AbstractAims and objectives
To investigate acute care nurses’ perceptions of spirituality and spiritual care and relationships with nurses’ personal and professional characteristics.Background
Spirituality and spiritual care are often neglected or absent in daily nursing practice. Nurses’ perceptions of spirituality can be influenced by personal, professional and social factors and affect the provision of spiritual care.Design
A cross-sectional, exploratory, nonexperimental design was used.Methods
All nursing staff (n = 1008) from a large acute care hospital in Singapore were invited to participate. Participants completed a demographic form and the Spiritual Care-Giving Scale. Completed surveys were received from 767 staff yielding a response rate of 76%. Descriptive statistics and General Linear Modelling were used to analyse data.Results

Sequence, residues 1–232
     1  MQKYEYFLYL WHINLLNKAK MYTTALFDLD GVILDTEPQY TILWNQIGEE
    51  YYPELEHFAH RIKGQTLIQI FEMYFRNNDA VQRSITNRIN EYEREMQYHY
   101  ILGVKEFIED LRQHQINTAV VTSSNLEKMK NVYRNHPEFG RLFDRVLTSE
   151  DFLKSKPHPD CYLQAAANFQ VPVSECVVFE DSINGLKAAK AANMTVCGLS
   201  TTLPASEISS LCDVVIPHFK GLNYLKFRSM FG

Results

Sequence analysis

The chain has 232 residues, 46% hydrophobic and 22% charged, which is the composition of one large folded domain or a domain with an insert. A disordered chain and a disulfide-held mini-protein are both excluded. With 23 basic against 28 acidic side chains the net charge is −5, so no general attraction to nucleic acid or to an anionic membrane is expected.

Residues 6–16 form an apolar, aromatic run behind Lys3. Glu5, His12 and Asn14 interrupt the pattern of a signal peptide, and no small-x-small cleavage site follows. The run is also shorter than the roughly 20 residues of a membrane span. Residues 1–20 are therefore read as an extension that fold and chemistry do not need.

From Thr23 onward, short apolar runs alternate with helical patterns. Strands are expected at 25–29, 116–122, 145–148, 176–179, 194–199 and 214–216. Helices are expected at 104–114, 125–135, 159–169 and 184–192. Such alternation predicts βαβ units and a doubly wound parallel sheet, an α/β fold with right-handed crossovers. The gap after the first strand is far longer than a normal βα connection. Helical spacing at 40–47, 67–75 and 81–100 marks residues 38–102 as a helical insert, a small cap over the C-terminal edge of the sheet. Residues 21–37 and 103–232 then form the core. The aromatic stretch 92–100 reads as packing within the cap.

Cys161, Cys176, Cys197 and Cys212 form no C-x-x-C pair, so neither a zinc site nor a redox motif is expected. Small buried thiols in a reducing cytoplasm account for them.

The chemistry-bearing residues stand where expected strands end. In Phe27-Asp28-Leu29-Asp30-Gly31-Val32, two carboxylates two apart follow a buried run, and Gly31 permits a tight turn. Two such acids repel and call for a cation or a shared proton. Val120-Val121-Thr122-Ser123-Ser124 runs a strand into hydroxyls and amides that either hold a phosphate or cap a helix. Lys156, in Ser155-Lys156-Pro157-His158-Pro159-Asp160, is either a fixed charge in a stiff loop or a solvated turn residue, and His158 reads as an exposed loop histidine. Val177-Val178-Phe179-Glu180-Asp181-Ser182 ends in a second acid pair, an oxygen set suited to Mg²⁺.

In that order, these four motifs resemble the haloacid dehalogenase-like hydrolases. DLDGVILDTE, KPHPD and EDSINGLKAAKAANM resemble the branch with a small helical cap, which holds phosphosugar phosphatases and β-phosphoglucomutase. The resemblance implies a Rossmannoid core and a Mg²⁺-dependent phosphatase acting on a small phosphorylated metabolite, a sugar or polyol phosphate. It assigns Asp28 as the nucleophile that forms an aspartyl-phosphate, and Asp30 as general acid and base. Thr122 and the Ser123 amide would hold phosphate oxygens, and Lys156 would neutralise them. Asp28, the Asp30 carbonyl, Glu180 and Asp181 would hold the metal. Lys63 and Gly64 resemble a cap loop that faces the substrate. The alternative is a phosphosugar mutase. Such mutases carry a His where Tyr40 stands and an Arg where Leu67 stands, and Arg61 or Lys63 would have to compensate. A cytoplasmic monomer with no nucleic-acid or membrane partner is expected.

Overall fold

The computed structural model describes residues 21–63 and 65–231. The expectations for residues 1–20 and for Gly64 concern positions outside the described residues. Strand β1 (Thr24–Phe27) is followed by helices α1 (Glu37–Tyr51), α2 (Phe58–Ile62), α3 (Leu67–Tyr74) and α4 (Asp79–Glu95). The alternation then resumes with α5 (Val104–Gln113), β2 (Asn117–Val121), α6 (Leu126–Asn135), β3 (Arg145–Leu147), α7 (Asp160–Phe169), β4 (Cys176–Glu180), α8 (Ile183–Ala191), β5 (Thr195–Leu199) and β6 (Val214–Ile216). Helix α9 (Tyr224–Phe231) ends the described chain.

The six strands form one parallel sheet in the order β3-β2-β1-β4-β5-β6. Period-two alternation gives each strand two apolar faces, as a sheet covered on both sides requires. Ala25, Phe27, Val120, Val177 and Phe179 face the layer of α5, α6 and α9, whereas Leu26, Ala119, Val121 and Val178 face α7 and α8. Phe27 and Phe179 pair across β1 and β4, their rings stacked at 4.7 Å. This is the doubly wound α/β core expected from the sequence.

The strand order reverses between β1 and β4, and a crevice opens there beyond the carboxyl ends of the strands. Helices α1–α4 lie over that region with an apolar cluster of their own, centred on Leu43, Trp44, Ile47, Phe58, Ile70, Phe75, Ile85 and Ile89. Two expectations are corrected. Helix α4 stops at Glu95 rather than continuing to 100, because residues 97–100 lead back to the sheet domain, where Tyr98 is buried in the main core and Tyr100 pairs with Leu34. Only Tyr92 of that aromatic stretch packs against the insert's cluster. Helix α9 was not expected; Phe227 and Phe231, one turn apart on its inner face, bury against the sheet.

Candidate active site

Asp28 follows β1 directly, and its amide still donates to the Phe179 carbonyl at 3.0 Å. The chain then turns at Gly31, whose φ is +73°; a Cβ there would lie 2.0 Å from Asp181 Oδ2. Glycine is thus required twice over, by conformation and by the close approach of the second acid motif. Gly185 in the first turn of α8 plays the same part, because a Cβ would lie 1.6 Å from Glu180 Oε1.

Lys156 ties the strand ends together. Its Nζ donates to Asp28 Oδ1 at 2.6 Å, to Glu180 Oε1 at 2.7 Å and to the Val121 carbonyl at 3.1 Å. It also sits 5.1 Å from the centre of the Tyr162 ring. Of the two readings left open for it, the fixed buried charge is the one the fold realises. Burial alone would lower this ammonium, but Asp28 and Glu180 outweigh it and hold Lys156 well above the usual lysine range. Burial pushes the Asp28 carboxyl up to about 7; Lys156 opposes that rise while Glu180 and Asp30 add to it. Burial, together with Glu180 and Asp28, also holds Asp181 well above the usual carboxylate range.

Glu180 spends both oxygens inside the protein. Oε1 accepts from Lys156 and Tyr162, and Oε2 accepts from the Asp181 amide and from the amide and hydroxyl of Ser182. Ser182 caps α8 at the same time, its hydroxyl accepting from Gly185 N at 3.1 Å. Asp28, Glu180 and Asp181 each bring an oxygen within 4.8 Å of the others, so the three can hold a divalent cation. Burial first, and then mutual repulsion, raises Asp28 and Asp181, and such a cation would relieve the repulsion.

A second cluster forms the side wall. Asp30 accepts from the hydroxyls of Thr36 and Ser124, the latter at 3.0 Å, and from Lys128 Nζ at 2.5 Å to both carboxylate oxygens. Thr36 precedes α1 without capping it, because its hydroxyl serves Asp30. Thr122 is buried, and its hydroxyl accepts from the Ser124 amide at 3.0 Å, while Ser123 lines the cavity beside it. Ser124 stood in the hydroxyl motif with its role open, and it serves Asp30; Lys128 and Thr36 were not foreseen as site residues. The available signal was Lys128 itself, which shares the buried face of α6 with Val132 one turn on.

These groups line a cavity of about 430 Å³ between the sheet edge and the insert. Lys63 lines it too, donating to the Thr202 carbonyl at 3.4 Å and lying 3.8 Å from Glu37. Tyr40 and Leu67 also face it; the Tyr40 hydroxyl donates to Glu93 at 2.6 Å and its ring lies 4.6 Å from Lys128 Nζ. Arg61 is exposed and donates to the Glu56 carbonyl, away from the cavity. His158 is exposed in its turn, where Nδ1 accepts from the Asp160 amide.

Acute care nurses reported positive perceptions of spirituality and spiritual care. Religion, area of clinical practice and view of self as spiritual were associated with nurses’ reported perspectives of spirituality and spiritual care.Conclusion
Nurses working in this acute care hospital in Singapore reported positive perceptions of spirituality and spiritual care. Respondents tended to equate religion with spirituality and were often unclear about what constituted spiritual care. They reported a sense of readiness to apply an interprofessional approach to spiritual care. However, positive perceptions of spirituality may not necessarily translate into practice.Relevance to clinical practice
Spiritual care can improve health outcomes. Nurses’ understanding of spirituality is essential for best practice. Interprofessional collaboration with clinicians, administrators, educators, chaplains, clergy and spiritual leaders can contribute to the development of practice guidelines and foster spiritual care by nurses. Further research is needed on the practical applications of spiritual care in nursing.